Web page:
You probably know that Friday 10 July 2009 is the 500th birthday of the Swiss reformer John Calvin. Calvin’s known for his systematic theology, the Institutes of Christian Religion. It was published in the 1550s, and is probably still, across the world, the best known Protestant systematic theology. He’s also known for his work in reforming the city of Geneva, trying to make it a “Godly state”. These two things gave birth to the third thing he’s known for: Calvinism, the style of theology and churchmanship and general approach to the world that follows in his footsteps.
Calvin heavily influenced Presbyterianism. John Knox, the main Scottish reformer [the Presbyterian church originates from Scotland], spent time in Geneva, learning from Calvin and observing how he went about reforming the church and the city. Hence, Presbyterianism has historically been heavily Calvinistic.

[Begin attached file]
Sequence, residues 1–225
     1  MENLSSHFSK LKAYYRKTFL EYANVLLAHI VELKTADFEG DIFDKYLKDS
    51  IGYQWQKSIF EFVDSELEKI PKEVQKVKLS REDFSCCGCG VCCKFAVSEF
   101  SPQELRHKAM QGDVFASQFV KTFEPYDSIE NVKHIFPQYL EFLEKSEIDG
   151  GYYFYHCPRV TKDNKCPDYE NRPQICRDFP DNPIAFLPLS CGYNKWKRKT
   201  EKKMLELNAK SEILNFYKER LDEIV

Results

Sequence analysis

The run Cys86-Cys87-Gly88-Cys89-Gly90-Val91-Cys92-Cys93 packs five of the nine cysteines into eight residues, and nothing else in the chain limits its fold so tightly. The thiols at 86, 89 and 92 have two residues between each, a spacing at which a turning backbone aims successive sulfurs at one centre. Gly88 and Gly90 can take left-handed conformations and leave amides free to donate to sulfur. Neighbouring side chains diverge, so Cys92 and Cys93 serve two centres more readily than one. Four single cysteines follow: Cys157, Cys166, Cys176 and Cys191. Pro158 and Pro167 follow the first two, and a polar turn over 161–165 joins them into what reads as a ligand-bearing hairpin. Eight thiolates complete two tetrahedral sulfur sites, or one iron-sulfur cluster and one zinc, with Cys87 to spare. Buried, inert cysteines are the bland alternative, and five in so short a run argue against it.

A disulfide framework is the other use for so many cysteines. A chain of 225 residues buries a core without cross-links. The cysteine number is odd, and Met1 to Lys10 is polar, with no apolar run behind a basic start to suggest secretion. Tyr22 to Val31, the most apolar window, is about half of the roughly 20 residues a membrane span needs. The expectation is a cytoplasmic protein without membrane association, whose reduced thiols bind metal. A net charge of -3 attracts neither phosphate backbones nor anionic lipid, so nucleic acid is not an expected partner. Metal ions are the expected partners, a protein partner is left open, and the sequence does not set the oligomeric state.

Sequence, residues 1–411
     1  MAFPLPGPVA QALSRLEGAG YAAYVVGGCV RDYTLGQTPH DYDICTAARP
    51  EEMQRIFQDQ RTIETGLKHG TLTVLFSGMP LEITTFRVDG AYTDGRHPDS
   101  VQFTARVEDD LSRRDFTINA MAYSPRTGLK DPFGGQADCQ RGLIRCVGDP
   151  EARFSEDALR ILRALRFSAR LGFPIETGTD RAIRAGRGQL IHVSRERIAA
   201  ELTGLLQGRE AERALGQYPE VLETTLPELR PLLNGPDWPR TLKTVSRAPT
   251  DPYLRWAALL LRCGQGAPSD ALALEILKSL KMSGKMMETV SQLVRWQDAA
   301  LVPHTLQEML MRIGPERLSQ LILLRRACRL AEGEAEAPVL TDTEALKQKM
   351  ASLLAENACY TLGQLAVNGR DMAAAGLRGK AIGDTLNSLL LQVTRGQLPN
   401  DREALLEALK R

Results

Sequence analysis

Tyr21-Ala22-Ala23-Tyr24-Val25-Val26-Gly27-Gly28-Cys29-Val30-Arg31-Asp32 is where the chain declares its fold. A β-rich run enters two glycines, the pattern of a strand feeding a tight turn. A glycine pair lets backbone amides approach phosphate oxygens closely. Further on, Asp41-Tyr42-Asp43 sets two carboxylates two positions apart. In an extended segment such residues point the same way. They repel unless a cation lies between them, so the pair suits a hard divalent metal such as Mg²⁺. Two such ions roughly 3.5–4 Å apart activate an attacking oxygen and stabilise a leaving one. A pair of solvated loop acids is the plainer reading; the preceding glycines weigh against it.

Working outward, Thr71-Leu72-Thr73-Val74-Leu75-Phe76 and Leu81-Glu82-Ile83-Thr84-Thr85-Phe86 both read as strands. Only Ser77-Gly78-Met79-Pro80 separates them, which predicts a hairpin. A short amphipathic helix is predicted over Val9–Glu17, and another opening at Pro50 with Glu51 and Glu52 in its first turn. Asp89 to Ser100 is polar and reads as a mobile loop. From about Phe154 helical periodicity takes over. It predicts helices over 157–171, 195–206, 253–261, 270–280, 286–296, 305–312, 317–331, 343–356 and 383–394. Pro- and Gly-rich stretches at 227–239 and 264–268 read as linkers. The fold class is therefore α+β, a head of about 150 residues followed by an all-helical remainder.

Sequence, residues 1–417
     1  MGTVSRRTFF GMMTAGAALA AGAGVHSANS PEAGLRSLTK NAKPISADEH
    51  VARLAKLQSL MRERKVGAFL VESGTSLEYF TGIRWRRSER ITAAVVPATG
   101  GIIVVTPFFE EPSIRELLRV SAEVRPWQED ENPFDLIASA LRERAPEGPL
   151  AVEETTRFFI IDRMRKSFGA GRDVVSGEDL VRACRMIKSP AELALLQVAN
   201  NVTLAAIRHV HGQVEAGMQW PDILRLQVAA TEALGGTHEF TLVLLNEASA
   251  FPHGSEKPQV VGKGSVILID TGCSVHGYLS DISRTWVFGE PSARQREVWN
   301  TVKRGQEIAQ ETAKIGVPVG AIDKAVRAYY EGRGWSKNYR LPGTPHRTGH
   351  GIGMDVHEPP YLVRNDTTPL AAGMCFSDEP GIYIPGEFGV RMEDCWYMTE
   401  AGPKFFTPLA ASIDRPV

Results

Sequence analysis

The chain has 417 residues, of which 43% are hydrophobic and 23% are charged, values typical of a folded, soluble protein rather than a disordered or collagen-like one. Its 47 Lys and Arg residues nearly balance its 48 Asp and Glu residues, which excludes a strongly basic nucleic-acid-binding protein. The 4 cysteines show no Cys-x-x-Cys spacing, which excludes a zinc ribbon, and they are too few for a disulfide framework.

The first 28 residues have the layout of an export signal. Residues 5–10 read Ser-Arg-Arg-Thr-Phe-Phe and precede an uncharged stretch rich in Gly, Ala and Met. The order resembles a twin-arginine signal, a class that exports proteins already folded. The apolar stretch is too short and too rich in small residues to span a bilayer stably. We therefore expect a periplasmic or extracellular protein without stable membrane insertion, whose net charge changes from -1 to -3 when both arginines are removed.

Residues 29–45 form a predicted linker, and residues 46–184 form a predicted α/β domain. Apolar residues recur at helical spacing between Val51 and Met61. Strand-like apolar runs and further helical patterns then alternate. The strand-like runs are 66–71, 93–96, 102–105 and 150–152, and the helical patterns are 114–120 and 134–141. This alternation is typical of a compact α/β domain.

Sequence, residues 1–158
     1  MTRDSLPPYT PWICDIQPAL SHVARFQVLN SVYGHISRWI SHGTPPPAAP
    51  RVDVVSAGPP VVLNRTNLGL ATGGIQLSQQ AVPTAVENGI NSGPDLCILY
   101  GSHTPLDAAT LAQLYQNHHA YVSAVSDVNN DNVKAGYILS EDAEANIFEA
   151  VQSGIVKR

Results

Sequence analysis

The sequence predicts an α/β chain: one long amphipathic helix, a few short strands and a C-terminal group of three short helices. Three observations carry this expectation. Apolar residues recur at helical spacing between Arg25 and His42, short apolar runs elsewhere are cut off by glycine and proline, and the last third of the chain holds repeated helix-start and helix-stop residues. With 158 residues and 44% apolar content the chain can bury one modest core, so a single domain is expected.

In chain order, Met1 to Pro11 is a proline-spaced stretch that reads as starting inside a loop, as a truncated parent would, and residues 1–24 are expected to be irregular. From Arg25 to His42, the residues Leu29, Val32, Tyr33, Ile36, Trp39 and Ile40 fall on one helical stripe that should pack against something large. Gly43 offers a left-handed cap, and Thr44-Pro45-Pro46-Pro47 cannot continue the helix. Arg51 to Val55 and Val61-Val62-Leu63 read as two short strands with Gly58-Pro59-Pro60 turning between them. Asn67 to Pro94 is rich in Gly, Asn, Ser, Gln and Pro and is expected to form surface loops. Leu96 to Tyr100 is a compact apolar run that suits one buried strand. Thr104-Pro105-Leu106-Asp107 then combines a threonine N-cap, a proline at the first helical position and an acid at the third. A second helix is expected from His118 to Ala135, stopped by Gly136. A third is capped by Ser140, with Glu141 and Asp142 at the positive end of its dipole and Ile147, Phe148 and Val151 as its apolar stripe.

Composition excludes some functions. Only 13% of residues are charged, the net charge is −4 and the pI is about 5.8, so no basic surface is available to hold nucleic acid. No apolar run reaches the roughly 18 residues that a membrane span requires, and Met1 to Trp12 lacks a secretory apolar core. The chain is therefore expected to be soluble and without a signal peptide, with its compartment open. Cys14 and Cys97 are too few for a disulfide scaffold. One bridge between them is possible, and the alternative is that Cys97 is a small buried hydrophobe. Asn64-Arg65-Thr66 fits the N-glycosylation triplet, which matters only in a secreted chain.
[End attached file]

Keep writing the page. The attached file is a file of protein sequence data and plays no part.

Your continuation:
From 7-9 April, the Presbyterian Theological Centre in Burwood is hosting a conference on Calvin. I’ll be delivering a paper – my first academic presentation. It’s on Calvin’s sexual anthropology and ethic. Well, it’s titled “Kinsey meets Calvin: a dialogue between John Calvin and modern academic sexology on sexual anthropology and sexual ethics”. I’m co-presenting it with my mum. We’re gonna look at two questions:
1. What does it mean for humans to be sexual beings?
2. How can we express our sexuality in a healthy manner?
We’re going to put these two questions to two sources:
1. John Calvin, through his Institutes, sermons, commentaries, liturgical reform and law reform;
2. Modern academic sexology, represented by Alfred Kinsey, but not limited to him.
Hence the title: Kinsey meets Calvin. We want to bring the two into dialogue, and see what they think of each other. Will it be a big fight? A polite but distant chat? Or a surprisingly pleasant and mutually edifying conversation? Shall report in a coupla days…